November 11, nineteen short days ago, marked the 99-year anniversary of the end of World War One.
Before they had numbers, this was “The Great War”. The “War to end all Wars”.
There is barely a piece of 20th or 21st century history, which cannot be traced back to it.
International Communism was borne of the Great War, without which there would have been no cold war, no Korean War, no war in Vietnam. The killing fields of Cambodia would have remained mere rice fields. The spiritual descendants of Chiang Kai-shek’s brand of capitalism would be running all of China, instead of only Taiwan.
The current boundaries of the Middle East arose from the Great War. While the region’s tribal alliances and religious strife is nothing new, those conditions would have taken a very different form, had it not been for those boundaries.
World War II, a conflagration which left more dead, wounded or missing than any conflict in world history (WWI is only #5), was little more than the Great War, part II. A Marshall of France, on looking at the Versailles Treaty formally ending WWI, said “This isn’t peace. This is a cease-fire that will last for 20 years”. He was off, by something like 36 days.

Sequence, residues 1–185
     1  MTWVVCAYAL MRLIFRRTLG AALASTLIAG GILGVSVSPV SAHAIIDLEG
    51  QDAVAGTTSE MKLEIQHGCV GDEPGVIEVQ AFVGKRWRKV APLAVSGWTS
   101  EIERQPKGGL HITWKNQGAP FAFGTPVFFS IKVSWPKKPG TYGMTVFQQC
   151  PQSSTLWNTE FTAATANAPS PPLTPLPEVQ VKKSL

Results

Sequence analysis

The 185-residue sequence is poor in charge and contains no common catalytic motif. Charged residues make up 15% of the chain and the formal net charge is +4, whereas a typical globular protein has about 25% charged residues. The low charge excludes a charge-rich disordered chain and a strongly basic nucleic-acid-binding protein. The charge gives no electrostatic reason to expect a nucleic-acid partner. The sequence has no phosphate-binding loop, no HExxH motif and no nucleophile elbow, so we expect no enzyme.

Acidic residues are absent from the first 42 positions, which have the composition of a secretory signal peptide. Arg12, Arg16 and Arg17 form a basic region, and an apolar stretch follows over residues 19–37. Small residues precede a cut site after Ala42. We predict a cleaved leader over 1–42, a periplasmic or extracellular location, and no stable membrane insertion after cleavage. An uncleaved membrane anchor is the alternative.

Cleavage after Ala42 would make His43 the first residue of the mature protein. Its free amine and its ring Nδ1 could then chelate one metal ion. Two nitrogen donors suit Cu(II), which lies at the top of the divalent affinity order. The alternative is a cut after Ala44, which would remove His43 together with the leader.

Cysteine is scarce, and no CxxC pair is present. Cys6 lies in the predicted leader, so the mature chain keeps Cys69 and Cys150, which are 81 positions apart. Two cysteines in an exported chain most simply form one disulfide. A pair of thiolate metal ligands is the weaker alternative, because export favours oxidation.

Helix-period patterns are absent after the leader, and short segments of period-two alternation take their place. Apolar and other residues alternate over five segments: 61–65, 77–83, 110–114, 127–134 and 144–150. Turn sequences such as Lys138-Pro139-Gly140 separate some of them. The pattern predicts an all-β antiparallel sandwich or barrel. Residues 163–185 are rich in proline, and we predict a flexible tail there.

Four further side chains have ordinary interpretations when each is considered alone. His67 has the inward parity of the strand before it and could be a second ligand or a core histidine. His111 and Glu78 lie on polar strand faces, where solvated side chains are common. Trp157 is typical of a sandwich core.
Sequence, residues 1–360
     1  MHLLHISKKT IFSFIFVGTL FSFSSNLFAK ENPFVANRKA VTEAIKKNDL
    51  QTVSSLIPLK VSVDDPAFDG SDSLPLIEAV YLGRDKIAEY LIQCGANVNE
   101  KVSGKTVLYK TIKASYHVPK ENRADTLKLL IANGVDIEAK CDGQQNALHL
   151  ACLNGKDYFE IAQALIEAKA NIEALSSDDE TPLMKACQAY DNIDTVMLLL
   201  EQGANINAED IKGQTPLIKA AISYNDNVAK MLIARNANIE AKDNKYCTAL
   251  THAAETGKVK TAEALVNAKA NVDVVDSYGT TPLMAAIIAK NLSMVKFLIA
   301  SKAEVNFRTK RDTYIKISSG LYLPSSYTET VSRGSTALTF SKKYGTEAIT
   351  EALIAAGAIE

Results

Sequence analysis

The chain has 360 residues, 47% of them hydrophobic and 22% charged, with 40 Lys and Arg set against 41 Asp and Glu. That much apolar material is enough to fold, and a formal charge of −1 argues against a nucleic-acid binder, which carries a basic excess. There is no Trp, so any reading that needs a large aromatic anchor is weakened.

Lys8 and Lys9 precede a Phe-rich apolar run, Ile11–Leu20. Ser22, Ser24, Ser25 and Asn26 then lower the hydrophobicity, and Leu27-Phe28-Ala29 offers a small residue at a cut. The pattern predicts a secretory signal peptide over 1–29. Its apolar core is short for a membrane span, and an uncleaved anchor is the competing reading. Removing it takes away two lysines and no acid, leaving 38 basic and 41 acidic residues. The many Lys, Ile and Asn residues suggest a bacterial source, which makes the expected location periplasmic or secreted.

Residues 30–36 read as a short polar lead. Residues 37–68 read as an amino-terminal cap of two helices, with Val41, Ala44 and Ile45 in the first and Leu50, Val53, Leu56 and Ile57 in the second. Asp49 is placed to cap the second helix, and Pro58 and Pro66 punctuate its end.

I’ve long believed that we can’t be participating citizens of a self-governing Republic, we can’t know where we want our country to go, if we don’t understand where it’s been. It’s one of the principle reasons for examining history. It’s why I think something wonderful happened four years ago, and I don’t think many of us heard about it.
In the summer of 2013, over 1,000 British and Belgian schoolchildren visited 70 battlefields of the Great War. Ypres. Passchendaele. Verdun. The Somme. All over Northern France and Belgium, the region known as “Flanders”. There these children collected samples of the sacred soil of those fields of conflict.
The soil from those battlefields was placed in seventy WWI-style burlap sandbags, each stenciled with a red poppy, where it came from, and the dates. Those sandbags were transported to London, and installed with great care at Wellington Barracks, the central London home of the Grenadier Guards, Coldstream Guards and Scots Guards.
There the soil of the Great War will nourish and support a garden. Ready for the following year, a solemn remembrance of the centenary of that war.
That day, December 1, 2013, was for the Flanders Fields Memorial Garden, the first full day of forever.
I can’t think of anything more fitting than that it was children, our future and posterity, who retrieved the sacred soil of Flanders and installed it at that garden. It is now for that posterity to keep our history alive, and never to let it fade, into some sepia-toned and forgotten past.